Transforming Africa / Sustainable Smart Villages in Africa
Introduction: In many ways we already live in smart cities, because we have fibre connectivity, e-billing and some service delivery via mobile phones. However, this is in the cities: villages and communities are on the wrong side of the digital divide. They might be able to access services via mobile technology in a limited fashion, but a real smart community needs substantial investment in support infrastructure and connectivity.
A definition of a smart city is an innovative city or community that uses information and communication technology (ICT) to deliver services and quality of life. In reality, there are unprecedented changes in urbanisation meaning the smart city concept should rather be used to transform urban life and create a digital society. Even though digitalisation is a feature of life in many places, there are still a number of elements preventing people from enjoying its benefits.
Sbu: One problem is we are trying to balance traditional operating systems with technology. Government usually works in silos; not only in its structure, but also its mindset. It will be difficult to change things; not only mindsets, but most cities already have existing infrastructure that will be disrupted if digital technologies are introduced. Also, as cities move to digital systems, it is about collecting data: where people live; how they live; what they spend and where they move. This means the higher the digitisation, the greater the threat to personal safety.
However, it is possible to use technology to enhance security such as encrypted techniques like blockchain. Essentially, one must balance the quality of life offered by digitalisation with privacy. One of the first tasks is educating citizens about the benefits of a smart city, while getting away from the perception a smart city is a “Big Brother”. In most cases implementing the smart city concept is not socially inclusive; it tends not to include the affluent or technologically advanced sectors of society.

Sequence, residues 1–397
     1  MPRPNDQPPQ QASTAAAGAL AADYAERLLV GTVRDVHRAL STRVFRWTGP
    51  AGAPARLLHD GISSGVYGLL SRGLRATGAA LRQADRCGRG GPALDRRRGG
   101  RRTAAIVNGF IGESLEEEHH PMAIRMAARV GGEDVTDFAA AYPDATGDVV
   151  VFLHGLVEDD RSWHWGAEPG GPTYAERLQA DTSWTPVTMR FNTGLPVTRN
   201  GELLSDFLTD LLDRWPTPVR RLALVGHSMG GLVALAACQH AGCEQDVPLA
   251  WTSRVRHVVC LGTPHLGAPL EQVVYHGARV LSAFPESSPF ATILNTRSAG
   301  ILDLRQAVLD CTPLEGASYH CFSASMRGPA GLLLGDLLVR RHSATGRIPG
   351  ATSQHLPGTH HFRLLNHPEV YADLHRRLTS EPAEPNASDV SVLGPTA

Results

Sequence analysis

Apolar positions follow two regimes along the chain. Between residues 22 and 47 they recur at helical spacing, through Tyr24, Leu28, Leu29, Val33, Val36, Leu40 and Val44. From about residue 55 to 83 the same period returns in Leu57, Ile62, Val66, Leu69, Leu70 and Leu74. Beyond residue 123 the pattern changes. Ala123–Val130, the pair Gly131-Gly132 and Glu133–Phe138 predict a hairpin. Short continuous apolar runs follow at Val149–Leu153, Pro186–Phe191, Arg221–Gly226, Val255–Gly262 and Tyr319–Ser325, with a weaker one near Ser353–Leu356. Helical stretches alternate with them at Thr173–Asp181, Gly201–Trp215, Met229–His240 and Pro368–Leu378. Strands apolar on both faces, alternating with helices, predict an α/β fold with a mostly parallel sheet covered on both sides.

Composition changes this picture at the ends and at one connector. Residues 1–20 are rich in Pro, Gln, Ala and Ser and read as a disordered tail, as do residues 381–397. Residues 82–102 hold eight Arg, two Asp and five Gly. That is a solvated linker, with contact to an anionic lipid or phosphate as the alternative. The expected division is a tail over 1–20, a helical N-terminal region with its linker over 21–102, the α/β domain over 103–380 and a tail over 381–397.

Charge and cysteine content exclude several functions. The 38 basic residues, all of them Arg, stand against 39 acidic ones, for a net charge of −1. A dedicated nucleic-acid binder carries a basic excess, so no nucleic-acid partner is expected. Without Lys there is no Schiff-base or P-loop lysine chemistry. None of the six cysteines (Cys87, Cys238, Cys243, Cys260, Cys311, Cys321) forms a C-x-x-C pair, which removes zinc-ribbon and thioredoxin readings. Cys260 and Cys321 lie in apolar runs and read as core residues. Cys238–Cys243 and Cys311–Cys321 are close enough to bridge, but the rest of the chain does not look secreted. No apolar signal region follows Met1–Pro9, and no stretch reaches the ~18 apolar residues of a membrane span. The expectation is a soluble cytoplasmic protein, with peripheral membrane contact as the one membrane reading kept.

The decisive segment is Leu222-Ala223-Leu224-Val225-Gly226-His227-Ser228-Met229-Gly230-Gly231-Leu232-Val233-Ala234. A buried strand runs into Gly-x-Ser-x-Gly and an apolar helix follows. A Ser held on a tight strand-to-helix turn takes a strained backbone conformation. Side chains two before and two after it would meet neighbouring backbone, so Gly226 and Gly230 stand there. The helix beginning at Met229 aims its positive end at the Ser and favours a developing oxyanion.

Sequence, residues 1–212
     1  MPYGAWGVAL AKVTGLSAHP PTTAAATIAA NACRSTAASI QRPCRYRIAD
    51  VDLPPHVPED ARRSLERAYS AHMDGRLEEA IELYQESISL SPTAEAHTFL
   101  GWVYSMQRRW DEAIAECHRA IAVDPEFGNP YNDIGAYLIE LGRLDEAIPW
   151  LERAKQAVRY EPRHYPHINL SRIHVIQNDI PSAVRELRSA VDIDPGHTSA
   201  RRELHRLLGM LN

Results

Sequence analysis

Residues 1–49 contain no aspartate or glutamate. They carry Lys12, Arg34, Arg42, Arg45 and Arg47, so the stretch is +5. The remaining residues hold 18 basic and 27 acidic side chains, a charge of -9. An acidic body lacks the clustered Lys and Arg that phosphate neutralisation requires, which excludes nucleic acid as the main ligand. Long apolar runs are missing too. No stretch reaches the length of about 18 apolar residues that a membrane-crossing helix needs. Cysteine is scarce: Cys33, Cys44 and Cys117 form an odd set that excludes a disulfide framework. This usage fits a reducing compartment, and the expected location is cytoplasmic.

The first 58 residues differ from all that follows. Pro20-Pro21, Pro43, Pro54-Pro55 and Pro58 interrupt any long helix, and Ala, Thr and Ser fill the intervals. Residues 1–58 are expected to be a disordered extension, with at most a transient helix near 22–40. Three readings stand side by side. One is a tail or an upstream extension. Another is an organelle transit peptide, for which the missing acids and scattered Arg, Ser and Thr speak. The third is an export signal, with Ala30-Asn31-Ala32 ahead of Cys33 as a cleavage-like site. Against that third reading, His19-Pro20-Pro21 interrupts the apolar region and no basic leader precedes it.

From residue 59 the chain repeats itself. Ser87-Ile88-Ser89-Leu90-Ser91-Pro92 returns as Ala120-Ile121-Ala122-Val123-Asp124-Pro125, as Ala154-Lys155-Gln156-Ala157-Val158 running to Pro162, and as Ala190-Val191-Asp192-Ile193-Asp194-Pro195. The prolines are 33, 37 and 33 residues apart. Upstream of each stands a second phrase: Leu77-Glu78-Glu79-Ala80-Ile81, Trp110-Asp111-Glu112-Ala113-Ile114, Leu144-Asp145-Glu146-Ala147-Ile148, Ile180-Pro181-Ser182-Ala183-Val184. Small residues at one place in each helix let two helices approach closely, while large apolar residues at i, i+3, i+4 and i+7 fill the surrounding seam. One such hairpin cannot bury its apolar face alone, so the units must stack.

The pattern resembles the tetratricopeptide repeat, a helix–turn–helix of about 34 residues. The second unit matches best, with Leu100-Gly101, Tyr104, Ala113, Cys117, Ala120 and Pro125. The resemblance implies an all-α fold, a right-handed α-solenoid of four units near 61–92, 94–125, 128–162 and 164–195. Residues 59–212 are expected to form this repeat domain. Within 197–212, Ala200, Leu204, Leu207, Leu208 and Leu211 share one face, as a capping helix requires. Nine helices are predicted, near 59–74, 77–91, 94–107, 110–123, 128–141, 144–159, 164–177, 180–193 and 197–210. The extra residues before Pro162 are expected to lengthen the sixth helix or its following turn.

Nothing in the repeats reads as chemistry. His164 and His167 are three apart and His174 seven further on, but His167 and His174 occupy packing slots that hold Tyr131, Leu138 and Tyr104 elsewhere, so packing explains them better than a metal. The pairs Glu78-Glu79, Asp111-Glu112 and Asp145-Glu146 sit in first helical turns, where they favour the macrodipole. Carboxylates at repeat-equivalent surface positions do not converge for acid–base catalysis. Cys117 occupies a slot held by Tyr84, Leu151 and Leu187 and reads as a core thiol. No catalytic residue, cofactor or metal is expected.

Bongani: South Africa is not unique in its urban/rural distribution and, before we look at infrastructure, we must look at urban migration. In cities, one can use 4G and 5G, but in rural areas one should look at a broader range of technologies, such as satellite that can bring connectivity to rural areas.
The technology exists, but we don’t only look at technology; we must also look at co-operative models. We can look at combinations of satellite, towers, fibre and the like, but it is vital to consider costs. Connectivity must be affordable for someone getting a social grant.
Justin: A word of caution – even though smart cities depend on a broad range of support, the fundamentals of smart cities are the same as any city: electricity, roads, sewage, refuse collections and so on. Before looking at smart cities or villages, it is crucial that these foundations are properly laid.
These tasks are the responsibility of the private and public sector. When infrastructure is installed, it must be done to absorb the technology, so when electricity cables are laid, fibre must be installed simultaneously. This is easier when working in expanding cities, but the deepest need is in the rural areas, not the cities. There are various stakeholders to include and all must to primed and informed.